Who is a dissident? When did the word enter international political vocabulary, and how did it come to mean human rights activists rather than religious heretics?
A new monograph by Kacper Szulecki, a researcher at ISV, explores these questions and traces the emergence of “the Dissident” as a transnational figure.
Nested in political sociology as well as contemporary history research, the book looks at the history of the dissident as a transnational phenomenon. The focus is primarily on political dissidents in Communist Central Europe from the mid-1960s until 1989. It argues that our understanding of the transnational activist would not be what it is today without the input of Central European oppositionists and ties the term to the global emergence and evolution of human rights. The book examines how we define dissidents and explores the association of political resistance to authoritarian regimes, as well as the impact of domestic and international recognition of the dissident figure.
Turning to literature to a wide body of existing secondary literature to analyze the meaning and impact of the dissident label, the book also incorporates interviews with former activists and archival sources gathered in Czech Republic, Poland and Germany. Combining a unique theoretical approach with new empirical material, this book reaches out to students and scholars of contemporary history, politics and culture in Central Europe.
Kacper Szulecki is a researcher at the Department of Political Science. The book draws to a large extent on his doctoral dissertation, written at the Cluster of Excellence ‘Cultural Foundations of Integration’, at the University of Konstanz. However, the project traces its roots back to the University of Oslo, where Kacper was an Erasmus exchange student and where the initial idea for looking at the “figure of the Dissident” emerged.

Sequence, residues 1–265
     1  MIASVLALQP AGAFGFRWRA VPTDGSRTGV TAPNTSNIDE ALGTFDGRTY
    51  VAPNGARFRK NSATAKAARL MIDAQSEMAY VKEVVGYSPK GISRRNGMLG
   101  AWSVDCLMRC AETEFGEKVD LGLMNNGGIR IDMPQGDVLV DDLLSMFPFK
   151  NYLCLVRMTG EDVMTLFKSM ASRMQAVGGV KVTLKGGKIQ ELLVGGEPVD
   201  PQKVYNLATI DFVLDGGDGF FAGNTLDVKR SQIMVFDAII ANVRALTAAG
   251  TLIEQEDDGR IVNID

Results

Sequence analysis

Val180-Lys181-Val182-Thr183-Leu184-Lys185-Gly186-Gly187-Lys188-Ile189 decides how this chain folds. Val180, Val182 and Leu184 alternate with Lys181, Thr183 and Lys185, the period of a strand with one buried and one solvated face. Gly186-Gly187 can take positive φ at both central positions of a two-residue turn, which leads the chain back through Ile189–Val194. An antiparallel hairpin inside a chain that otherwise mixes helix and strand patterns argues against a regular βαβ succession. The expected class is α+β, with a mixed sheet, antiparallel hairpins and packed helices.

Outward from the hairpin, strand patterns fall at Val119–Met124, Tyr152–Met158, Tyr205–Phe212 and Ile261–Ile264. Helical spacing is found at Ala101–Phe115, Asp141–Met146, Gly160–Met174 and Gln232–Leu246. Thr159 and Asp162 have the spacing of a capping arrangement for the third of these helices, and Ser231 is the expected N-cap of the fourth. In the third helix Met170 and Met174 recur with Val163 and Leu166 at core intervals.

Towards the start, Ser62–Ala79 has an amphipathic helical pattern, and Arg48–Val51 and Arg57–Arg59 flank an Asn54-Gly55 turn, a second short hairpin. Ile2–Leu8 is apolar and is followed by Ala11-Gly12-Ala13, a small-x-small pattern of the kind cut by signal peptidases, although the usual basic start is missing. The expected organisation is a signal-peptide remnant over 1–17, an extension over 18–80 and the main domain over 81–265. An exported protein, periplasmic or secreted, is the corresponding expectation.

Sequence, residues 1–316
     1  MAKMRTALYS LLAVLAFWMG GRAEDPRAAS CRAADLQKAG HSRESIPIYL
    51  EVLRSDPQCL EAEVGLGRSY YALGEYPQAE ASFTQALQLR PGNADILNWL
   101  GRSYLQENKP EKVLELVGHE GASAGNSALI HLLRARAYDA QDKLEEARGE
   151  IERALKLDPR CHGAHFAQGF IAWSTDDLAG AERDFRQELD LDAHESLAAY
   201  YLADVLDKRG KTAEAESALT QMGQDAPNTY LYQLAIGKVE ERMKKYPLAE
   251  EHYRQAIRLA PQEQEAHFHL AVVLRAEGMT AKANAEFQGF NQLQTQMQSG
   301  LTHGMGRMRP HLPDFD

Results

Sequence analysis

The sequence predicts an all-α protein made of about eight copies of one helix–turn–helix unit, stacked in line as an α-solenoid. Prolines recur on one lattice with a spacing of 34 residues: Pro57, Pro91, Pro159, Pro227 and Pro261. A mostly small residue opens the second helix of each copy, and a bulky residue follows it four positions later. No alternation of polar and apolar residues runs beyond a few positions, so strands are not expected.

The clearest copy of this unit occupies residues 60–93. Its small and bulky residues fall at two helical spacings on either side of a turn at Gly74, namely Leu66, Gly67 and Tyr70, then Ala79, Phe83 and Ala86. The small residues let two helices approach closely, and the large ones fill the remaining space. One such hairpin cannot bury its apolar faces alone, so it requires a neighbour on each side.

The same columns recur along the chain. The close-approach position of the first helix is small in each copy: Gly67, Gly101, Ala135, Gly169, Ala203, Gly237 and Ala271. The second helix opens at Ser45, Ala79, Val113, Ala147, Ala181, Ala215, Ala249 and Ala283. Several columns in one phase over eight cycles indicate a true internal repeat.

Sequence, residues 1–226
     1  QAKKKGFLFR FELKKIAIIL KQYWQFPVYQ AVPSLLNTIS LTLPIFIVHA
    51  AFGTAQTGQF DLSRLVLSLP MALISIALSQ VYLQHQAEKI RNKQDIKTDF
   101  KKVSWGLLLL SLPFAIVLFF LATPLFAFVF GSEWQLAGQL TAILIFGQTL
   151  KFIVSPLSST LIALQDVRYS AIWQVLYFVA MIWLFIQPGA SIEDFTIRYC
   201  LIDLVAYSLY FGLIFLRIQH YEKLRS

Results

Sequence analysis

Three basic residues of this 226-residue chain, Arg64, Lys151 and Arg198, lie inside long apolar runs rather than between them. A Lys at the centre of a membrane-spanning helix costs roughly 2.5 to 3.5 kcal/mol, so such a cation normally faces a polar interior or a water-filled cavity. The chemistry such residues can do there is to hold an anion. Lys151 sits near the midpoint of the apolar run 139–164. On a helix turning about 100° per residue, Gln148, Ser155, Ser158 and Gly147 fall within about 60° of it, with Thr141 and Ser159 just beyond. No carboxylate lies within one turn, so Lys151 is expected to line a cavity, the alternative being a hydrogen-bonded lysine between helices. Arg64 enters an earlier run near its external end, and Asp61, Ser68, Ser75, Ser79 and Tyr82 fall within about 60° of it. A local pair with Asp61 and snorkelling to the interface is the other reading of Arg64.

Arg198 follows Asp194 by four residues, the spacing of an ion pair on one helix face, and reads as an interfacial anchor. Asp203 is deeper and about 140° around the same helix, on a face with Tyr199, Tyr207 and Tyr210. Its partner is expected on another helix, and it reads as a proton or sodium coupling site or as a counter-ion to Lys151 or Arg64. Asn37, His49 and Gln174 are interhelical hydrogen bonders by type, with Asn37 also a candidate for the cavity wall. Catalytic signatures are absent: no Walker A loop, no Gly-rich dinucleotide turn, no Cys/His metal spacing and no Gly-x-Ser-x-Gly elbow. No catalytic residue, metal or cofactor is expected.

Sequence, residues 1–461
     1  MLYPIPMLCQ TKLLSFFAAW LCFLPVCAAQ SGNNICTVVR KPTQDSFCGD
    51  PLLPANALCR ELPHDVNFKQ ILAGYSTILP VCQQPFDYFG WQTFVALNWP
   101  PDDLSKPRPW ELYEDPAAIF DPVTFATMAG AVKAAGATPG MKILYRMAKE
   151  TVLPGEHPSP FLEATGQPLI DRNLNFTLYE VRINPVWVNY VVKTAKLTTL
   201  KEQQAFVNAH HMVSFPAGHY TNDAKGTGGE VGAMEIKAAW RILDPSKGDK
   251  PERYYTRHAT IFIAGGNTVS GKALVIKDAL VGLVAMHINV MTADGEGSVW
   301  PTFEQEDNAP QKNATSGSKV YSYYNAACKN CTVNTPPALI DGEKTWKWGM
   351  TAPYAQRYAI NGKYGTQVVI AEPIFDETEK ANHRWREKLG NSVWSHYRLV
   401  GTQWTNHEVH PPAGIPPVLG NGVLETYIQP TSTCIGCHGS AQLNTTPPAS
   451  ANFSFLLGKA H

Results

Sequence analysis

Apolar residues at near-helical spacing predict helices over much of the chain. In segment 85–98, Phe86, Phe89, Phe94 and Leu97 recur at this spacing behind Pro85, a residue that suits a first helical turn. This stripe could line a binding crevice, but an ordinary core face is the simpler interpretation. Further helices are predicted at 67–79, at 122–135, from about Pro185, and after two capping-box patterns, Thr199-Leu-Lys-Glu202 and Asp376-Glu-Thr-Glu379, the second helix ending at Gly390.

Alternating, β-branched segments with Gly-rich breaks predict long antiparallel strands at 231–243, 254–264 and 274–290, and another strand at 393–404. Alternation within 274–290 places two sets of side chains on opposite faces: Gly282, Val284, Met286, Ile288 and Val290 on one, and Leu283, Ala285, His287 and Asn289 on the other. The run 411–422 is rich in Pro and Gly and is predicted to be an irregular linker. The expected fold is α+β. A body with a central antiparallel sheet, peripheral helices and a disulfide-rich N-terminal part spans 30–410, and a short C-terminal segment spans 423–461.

“The godfather and godmother of this book are Jeffrey Checkel and Nina Witoszek. Jeff was my international relations theory professor at the time, and got me interested in the transnationalist literature on human rights diffusion, the effects of the Helsinki Accords on political dissent in Eastern Europe. I found this account, dominant in mainstream Western IR, very one-sided and far from historical realities. Jeff convinced me that telling the story from the perspective of the other side of the Iron Curtain would be important. Meanwhile, Nina Witoszek nudged me to focus on those peculiar transnational actors that the dissidents surely are. So the initial seeds were planted here in Oslo, and it’s great to see those bear fruit after almost thirteen years” – Kacper explains.
The monograph entitled “Dissidents in Communist Central Europe: Human Rights and the Emergence of New Transnational Actors” has been published by Palgrave Macmillan as part of the series “Palgrave Studies in the History of Social Movements” and is currently available in hardback and as an e-book.